Title page for ETD etd-0320103-135616


Type of Document Dissertation
Author Feduccia, Mary D.
Author's Email Address mfeducc@lsu.edu
URN etd-0320103-135616
Title Career Counseling for College Students: The Influence of a Computer-Assisted Career Decision-Making Program on the Stability of College Major Selection at a Research-Extensive University
Degree Doctor of Philosophy (Ph.D.)
Department Vocational Education
Advisory Committee
Advisor Name Title
Michael F. Burnett Committee Chair
Geraldine Holmes Committee Member
Margo Abadie Committee Member
Sharon Naquin Committee Member
Eugene Kennedy Dean's Representative
Keywords
  • undecided college students
  • career indecision
  • internet-based career assessments
  • career strategies
  • career technology
  • career development
  • college major choice
Date of Defense 2003-03-14
Availability unrestricted
Abstract
The primary purpose of this study was to determine the influence of Career Discovery I, the first module in a computer-assisted program for career decision-making, on the stability of the choice of college majors. This study sought to determine whether any differences existed in the stability of college majors between students who entered a Research-Extensive University with undeclared majors, used Career Discovery I, and declared a major by the end of the first semester of enrollment and students who entered the same University with declared majors and did not use Career Discovery I during the investigation. In addition, the study compared students who were undecided to those with declared majors on selected personal and academic characteristics to determine their impact on the stability of college major/career choices. Finally, the study sought to determine if a model exists which explains a significant portion of the variance in the stability of college major from selected demographic and academic factors.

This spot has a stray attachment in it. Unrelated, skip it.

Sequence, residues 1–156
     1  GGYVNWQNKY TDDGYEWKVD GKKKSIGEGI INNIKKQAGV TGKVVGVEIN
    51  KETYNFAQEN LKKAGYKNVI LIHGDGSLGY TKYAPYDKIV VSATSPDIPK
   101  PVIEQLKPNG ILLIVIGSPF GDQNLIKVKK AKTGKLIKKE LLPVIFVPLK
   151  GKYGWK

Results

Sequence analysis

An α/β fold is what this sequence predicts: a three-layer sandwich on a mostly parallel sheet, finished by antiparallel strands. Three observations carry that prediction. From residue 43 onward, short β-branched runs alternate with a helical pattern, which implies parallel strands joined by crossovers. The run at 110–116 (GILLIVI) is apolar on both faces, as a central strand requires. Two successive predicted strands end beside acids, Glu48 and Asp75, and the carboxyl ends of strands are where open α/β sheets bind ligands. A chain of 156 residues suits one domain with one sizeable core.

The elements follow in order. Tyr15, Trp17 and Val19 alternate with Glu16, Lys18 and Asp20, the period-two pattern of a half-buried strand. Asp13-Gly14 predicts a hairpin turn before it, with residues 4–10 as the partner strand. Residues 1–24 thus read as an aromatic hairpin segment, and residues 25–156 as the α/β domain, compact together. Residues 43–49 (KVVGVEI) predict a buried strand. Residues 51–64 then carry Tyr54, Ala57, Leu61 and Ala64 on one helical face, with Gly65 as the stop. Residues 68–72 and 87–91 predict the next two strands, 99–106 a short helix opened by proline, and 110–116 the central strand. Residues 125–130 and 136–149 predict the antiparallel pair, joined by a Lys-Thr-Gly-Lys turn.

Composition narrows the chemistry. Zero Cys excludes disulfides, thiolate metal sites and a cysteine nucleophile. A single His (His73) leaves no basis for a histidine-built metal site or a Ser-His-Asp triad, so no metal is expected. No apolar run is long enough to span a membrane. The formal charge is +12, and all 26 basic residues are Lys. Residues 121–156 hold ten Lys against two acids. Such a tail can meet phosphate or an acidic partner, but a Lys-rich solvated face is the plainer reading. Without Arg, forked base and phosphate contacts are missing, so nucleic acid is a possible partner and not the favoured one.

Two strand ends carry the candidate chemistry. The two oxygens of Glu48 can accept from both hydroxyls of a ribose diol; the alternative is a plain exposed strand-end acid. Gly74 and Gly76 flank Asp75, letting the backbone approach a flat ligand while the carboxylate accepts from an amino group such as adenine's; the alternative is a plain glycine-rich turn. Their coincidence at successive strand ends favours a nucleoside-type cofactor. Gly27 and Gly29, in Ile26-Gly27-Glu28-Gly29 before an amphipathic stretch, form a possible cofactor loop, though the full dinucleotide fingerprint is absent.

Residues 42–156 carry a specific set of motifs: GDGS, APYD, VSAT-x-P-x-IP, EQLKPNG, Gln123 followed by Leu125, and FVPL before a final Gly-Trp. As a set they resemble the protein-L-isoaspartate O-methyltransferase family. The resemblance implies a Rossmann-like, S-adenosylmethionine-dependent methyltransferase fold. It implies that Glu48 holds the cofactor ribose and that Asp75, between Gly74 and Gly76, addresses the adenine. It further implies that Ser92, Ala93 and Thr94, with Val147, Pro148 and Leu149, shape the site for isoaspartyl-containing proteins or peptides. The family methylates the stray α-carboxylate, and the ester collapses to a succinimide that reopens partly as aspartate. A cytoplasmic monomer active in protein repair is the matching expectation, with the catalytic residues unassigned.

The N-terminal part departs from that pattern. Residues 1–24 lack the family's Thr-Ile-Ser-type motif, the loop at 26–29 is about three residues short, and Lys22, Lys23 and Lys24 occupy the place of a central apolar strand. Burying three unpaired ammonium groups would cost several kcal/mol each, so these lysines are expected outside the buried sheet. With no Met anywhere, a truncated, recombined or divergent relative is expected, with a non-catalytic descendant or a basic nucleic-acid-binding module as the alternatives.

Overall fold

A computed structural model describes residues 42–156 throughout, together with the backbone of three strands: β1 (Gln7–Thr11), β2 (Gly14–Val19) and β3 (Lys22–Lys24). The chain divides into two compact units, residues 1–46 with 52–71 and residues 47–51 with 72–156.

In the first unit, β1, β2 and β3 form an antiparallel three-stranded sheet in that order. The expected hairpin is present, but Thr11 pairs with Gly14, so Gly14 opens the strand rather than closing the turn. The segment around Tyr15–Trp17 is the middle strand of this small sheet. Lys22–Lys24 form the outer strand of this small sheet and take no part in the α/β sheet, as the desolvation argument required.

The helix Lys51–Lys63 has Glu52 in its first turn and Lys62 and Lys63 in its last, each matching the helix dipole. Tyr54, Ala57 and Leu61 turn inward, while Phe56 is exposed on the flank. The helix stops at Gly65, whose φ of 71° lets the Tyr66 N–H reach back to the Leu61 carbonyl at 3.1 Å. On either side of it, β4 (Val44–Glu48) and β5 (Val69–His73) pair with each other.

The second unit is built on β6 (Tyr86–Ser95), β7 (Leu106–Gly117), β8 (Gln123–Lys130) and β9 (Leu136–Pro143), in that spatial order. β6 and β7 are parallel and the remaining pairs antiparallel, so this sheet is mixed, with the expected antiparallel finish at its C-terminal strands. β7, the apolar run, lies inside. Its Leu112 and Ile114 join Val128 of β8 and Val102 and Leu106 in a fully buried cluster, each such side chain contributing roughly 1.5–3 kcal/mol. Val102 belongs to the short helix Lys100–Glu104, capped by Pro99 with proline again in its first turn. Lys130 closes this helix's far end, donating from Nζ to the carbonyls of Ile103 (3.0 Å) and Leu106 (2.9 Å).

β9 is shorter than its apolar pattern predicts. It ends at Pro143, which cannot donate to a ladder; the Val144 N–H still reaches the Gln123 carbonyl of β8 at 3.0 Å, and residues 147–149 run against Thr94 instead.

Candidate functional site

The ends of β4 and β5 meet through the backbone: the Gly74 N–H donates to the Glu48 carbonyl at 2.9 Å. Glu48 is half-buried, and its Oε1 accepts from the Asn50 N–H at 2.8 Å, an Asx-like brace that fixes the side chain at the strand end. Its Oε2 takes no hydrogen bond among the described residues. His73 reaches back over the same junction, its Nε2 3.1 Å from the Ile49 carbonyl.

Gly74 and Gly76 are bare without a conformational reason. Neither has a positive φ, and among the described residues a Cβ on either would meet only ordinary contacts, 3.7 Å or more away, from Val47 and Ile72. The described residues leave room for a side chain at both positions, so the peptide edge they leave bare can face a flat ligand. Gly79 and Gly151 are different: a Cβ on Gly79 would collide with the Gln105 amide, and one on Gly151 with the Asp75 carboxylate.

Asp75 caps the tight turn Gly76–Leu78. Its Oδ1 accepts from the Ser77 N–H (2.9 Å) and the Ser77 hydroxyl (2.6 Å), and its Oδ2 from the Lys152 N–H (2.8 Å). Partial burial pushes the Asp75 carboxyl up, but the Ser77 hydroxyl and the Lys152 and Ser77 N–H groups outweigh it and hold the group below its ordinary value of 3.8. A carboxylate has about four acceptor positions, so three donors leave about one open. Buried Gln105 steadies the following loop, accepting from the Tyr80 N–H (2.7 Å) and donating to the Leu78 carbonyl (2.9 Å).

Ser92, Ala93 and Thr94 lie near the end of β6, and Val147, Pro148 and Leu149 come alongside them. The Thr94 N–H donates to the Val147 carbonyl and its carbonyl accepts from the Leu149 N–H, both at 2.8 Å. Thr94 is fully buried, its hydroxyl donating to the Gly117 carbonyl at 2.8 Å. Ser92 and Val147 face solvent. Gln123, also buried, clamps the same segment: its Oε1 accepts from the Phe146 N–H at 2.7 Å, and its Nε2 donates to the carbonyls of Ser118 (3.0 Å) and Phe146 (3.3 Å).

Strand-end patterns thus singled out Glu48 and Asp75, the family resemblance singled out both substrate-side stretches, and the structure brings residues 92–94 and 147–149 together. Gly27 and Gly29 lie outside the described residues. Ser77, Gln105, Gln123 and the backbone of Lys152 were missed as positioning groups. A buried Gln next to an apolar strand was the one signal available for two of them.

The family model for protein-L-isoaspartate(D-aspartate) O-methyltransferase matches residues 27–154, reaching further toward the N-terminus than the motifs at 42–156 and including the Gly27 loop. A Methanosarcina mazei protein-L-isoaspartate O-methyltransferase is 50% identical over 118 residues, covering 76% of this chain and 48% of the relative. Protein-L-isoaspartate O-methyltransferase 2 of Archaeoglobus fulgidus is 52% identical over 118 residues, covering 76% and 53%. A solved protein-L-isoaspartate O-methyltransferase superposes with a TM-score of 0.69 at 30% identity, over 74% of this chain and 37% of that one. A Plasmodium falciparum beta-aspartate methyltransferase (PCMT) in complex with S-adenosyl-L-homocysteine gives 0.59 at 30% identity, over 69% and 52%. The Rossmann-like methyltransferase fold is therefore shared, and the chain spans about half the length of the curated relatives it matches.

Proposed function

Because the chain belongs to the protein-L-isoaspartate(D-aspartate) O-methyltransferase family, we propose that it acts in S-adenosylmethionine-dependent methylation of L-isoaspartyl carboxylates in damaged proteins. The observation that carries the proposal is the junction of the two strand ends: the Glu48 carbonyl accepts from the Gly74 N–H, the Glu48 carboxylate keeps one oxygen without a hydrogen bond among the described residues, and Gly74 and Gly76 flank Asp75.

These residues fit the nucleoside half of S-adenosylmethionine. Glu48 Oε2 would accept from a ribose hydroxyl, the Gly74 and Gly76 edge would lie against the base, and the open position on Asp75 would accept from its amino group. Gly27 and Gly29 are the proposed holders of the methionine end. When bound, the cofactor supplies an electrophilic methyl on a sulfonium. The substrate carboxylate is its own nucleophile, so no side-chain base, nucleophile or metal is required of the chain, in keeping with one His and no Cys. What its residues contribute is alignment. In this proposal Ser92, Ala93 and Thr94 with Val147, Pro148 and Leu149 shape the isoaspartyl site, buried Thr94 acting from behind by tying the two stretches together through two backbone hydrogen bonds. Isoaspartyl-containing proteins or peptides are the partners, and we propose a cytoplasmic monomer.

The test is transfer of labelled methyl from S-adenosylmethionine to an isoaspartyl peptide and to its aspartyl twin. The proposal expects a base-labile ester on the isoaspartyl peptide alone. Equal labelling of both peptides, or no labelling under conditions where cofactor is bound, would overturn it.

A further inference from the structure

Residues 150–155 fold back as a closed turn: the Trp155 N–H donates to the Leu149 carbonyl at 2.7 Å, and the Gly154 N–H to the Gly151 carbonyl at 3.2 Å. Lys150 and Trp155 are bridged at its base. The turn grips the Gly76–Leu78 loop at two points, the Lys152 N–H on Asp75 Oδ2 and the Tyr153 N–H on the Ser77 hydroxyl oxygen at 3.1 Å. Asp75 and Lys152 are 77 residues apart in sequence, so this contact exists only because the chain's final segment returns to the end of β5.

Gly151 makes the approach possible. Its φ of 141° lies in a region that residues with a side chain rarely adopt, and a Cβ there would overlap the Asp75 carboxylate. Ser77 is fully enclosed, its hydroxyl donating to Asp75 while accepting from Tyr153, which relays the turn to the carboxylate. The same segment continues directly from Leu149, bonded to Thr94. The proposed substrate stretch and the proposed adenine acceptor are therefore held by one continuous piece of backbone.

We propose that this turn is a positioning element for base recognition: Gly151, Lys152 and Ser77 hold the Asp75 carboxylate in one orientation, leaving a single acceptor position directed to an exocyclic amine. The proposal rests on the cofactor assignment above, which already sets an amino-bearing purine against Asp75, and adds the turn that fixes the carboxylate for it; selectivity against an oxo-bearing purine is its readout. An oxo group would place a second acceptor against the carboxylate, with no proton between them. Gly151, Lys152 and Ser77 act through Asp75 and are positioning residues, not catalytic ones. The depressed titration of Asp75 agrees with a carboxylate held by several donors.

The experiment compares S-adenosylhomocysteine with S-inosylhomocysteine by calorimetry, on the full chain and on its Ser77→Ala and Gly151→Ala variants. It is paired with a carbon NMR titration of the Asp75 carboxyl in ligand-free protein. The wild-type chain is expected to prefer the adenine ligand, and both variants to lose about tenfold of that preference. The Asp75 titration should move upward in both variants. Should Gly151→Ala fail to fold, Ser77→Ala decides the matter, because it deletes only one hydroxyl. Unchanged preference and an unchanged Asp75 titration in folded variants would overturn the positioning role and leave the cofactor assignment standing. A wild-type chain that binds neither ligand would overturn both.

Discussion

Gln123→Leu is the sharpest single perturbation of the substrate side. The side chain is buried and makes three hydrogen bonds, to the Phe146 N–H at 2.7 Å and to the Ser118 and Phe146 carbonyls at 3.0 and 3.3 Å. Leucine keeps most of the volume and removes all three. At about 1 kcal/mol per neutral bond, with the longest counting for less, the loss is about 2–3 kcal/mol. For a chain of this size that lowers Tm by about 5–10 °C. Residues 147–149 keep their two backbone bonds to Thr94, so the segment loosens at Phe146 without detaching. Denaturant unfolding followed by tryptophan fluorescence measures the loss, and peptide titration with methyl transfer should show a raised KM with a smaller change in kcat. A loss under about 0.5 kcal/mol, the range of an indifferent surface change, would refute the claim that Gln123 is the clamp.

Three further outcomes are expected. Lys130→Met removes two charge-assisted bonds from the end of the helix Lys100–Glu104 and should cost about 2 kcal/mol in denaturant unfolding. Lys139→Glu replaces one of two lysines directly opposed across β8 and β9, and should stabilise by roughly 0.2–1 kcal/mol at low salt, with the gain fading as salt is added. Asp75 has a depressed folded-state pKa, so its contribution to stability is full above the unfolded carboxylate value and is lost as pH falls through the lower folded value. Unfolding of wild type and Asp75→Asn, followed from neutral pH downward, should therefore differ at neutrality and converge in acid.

The target population for this study was all first semester freshmen enrolled in research-extensive universities in the southern portion of the United States. The accessible population was first semester freshmen in University Center for Freshman Year at the University at which the study was conducted. Through stratified random sampling procedures, a sample of 300 freshmen who entered the University with declared majors and did not use Career Discovery I was compared with a sample of 300 freshmen who entered as undecided, used Career Discovery I, and declared a major by December 2000.

Findings were that students who entered the University as undecided about majors and used the program had a higher rate of retention than students who entered as decided and did not use the program. Additionally, the use of Career Discovery I entered both the discriminant and regression models as a factor that had a significant influence on whether or not students changed majors as well as in the number of times students changed majors. The findings of this study support the use of Career Discovery I as an effective use of Web-based career technology.

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